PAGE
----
Orbán on bank levy, saving co-ops, GDP growth
Simply put: BBJ passes on a couple quotes from Prime Minister Viktor Orbán on financial matters, namely the bank levy and Hungary’s overall economic growth – the latter for which he even offered a prediction.
First up, Orbán became subject of reportage earlier today when he promised to keep Hungary-based financial institutions paying a bank levy higher than European Union average in future. The sitting government first planned “crisis taxes” for 2013 back in 2010, promised in ’11 to scale the levy back some 50% and finally retracted that pledge and allowed the high rate to stay; such taxes are said to bring in some HUF 202 billion in revenue.
According to news service MTI, Orbán stated that the levy “was part of the new Hungarian system of sharing the public burden.
“He reiterated the government's goal to raise the proportion of Hungarian-owned financial institutions in the country, noting the importance of strengthening OTP Bank, an independent bank that is the country's biggest commercial lender, and integrating savings cooperatives. He added that the integration of the country’s savings cooperatives could raise their market share from 5% to 15%.”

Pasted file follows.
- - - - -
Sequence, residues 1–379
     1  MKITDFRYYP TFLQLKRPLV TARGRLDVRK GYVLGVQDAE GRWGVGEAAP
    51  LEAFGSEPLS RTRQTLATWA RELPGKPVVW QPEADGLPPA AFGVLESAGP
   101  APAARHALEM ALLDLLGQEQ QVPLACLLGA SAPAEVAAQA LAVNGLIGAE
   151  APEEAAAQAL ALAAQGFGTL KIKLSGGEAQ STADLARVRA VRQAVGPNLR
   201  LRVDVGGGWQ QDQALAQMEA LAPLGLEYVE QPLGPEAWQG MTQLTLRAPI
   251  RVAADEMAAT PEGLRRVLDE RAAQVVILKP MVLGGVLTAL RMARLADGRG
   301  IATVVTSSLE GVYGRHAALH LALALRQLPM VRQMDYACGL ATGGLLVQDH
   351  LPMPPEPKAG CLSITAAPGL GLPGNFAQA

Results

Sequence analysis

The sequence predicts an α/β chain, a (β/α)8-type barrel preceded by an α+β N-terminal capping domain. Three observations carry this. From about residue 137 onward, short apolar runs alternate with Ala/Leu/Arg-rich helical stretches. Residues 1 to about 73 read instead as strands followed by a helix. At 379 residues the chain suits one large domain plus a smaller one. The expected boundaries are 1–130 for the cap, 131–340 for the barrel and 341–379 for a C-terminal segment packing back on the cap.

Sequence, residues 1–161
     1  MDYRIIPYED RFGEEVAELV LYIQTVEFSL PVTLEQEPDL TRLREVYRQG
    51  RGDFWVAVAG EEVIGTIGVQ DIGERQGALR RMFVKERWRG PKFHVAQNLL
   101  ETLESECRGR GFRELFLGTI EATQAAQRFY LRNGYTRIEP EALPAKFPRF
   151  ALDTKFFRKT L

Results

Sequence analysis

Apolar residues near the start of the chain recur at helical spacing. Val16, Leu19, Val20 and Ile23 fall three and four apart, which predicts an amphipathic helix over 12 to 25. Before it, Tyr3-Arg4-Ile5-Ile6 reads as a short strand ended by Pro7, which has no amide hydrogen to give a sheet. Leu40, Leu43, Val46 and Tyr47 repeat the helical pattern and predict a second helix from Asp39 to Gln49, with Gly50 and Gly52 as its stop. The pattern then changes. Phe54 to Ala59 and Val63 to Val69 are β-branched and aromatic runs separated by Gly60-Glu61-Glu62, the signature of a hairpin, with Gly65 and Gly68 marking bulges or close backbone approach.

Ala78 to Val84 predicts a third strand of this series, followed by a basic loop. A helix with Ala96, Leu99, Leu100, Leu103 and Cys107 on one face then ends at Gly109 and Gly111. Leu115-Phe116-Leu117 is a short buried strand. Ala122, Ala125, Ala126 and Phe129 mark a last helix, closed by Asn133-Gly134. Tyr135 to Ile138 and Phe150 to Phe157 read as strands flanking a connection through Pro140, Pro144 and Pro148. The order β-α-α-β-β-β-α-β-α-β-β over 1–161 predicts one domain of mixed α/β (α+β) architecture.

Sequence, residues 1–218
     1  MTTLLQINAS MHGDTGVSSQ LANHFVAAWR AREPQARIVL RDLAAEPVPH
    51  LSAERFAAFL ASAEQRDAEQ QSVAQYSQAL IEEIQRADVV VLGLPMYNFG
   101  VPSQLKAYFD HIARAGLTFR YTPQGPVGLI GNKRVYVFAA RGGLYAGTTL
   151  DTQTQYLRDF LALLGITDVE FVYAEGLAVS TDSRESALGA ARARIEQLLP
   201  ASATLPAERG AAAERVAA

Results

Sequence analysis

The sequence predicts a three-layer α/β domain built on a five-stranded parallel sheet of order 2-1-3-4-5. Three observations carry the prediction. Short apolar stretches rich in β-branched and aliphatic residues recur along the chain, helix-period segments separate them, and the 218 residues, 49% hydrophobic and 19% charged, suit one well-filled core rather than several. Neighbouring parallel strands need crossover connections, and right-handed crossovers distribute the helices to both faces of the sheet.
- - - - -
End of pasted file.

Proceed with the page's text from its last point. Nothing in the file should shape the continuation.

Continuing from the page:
At the same diplomatic meeting, Orbán more significantly was quoted pumping the positive on the national economy: “The moderate [forecasters] say growth could [peak] at 0.5%, however, I think it may even slip over it somewhat,” before going on to predict that “GDP growth could reach 2% in 2014.”
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